Leigh Silverman: In the desire to work and to be a freelance director who can live in New York and do this as my full time job, I'm incredibly lucky to have found playwrights who are writing ways that intersect with my lived experience, intersect with what I'm interested in putting on stage, and, whether it's queer or not, my main focus in my work has always been to put underrepresented stories on stage and to work with people who may not be in our mainstream and who are working on shows that are really form-bending. That's really my genre. I've done like, sixty-something plays, and three of them had a couch! [Laughs] If this is really weird and hard to understand on the page, sign me up.

On Why There are More Plays about Queer Men than about Queer Women

Leigh Silverman: I think it's there just more plays about men in general, there are more plays written by men, directed by men. We live inside the patriarchy, so, lucky us. There's a real lack of support. Of course, it's changing, but historically plays written by women, about women, with female protagonists – certainly about women dealing with their sexuality, no matter what it is, or where it falls on the spectrum – these are just not plays that have been celebrated or remembered. Historically, if you have to go to "The Children's Hour" – and I love "The Children's Hour" and I love Lillian Hellman – but when you think about plays like that, and you talk about [the theater company] The Five Lesbian Brothers, it remains a very niche audience. And I think there hasn't been the celebration of certainly women in general, but specifically queer women, their writing, their culture.

I feel like all of the plays I've done at New York Theatre Workshop have all been about this very topic. They've all been comedies and, in some ways, they're all adaptations of classic plays, too, which has been really interesting. And I think that that's what we as queer women do, is we take what is in the culture and subvert it and offer it back, potentially, in a new, different form than what people were expecting.

Hansol Jung: Both David [Ryan Smith] and Ryan [Spahn] are gay men, and I'm sure they've offered a lot that brings all of that into the play as well, that I've probably responded to and wrote around, so I'm very indebted to everybody.

On Audience Reaction

Hansol Jung: It's been all over the board, it's been consistently very responsive, which is very rewarding... But it's funny, I can tell, like, if the majority of the audience is more straight or more queer, more lesbian and less lesbian, because there are specific lesbian jokes in there... And age: I can tell where the older people are sitting, versus where the younger people are sitting, based on where the laughs are coming from... I learned I can't control any of it. Comedy is about culture... everyone has a different button. And it's just been gratifying to know that you can make a whole piece that feels unified to me, that can hit different people's different buttons.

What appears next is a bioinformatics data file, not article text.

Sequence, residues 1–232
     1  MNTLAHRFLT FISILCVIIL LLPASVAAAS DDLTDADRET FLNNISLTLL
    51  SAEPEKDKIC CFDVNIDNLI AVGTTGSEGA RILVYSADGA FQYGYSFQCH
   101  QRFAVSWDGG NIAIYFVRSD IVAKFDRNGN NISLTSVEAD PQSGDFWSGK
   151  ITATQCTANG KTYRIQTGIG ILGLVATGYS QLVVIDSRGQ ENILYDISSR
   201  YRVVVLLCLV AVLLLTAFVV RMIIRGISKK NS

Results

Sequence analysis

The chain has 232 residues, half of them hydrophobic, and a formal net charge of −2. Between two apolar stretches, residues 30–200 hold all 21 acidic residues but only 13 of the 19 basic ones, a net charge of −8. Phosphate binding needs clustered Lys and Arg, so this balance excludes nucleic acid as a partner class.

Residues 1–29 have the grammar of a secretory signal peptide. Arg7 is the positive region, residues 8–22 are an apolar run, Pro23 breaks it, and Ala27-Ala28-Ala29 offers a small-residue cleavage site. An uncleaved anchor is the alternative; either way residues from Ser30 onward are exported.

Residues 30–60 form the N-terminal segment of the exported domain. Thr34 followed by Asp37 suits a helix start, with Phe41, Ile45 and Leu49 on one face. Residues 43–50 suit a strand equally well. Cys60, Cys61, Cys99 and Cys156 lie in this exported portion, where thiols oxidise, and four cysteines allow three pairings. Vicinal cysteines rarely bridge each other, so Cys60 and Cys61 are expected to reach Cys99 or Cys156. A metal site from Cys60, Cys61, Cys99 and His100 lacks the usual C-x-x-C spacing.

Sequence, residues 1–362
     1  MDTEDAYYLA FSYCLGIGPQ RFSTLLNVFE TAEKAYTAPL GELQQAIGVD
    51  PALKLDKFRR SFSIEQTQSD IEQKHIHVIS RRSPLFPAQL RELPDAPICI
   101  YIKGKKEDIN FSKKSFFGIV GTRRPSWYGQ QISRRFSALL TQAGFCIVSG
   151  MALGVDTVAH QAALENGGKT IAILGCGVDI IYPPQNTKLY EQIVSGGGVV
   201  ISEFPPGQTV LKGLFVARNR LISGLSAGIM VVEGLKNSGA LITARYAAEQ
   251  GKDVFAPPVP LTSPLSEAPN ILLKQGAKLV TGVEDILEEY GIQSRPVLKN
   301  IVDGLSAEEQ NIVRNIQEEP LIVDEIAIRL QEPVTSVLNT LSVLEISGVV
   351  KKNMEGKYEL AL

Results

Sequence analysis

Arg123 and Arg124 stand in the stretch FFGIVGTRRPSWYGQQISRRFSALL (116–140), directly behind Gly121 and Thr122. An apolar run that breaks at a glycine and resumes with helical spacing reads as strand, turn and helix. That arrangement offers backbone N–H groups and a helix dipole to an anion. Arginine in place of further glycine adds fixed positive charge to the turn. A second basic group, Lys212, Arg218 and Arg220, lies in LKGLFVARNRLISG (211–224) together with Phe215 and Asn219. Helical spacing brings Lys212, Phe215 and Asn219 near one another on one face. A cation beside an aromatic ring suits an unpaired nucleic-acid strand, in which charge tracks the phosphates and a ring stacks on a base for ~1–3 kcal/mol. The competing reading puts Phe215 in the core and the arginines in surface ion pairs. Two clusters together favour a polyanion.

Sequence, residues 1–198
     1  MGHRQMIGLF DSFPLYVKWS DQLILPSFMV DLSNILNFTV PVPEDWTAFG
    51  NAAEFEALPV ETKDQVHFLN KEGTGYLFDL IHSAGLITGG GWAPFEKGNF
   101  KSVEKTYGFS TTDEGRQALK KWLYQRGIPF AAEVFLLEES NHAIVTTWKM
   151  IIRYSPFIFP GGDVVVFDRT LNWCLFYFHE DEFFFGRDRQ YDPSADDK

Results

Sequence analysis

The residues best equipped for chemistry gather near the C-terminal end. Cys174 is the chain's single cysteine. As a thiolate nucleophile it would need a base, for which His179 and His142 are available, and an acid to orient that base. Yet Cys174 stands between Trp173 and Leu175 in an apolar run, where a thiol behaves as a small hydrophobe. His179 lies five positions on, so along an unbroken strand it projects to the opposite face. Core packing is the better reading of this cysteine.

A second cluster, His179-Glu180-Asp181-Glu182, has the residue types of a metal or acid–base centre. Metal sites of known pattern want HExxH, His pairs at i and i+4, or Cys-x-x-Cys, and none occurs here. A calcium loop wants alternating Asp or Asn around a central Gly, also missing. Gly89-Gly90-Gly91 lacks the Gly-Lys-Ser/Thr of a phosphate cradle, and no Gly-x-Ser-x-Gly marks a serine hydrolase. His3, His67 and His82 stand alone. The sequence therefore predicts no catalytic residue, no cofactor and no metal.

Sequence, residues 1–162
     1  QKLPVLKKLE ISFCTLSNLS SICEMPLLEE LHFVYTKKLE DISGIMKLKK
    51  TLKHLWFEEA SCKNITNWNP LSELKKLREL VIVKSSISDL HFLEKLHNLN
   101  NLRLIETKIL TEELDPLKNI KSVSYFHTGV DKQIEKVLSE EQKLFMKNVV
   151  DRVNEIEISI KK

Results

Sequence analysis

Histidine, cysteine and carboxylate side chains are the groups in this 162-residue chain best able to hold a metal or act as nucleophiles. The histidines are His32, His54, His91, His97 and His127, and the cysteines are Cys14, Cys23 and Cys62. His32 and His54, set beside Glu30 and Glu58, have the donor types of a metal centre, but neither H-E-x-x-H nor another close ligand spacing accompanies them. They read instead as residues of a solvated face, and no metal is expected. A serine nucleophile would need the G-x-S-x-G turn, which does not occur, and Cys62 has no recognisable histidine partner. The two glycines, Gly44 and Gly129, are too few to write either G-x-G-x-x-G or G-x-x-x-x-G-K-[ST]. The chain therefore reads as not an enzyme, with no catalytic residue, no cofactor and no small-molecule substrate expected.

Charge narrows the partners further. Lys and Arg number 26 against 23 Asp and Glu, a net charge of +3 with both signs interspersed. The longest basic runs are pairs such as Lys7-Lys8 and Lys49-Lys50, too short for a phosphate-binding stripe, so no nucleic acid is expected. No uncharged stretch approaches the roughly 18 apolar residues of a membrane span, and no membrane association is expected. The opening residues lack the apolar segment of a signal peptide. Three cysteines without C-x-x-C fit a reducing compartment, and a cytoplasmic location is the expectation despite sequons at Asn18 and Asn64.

Leigh Silverman: Particularly, in this moment, to be able to laugh with a group of people... it is, in a way, exactly what theatre is meant to do, which is to bring us together and offer this catharsis. There is nothing more soothing in this moment than to be in a room full of people laughing.

On Leigh's Being Broadway Bound

Leigh Silverman: We've been working really hard since the Public. The run at the public was very hard... we never had an opening week, we were shut down from COVID in the initial run for 12 days, and then we lost 27 performances at the end of the run in the third extension... I have a brand-new creative team. I have a new choreographer, and we're going to the very beautiful Music Box Theater... And it's been really exciting to welcome two new co-producers, Hillary Clinton and Malala (Yousafzai), and at this moment to have those two formidable women making their Broadway debuts, as well as a number of Broadway debuts in our company – Shaina (Taub) most of all, debuting as the writer, composer, and the star of the show feels really significant. We go into rehearsal in early February, and it just feels like a really exciting moment to bring the show back and to bring it back in its new form.

On Hansol's Next Project

Hansol Jung: I'm working on a new play called "The Almonds." It's a comedy about despair, yet again.

by Frank J. Avella

Frank J. Avella is a proud EDGE and Awards Daily contributor. He serves as the GALECA Industry Liaison and is a Member of the New York Film Critics Online. His award-winning short film, FIG JAM, has shown in Festivals worldwide ( Frank's screenplays have won numerous awards in 17 countries. Recently produced plays include LURED & VATICAL FALLS, both O'Neill semifinalists. He is currently working on a highly personal project, FROCI, about the queer Italian/Italian-American experience. He is a proud member of the Dramatists Guild.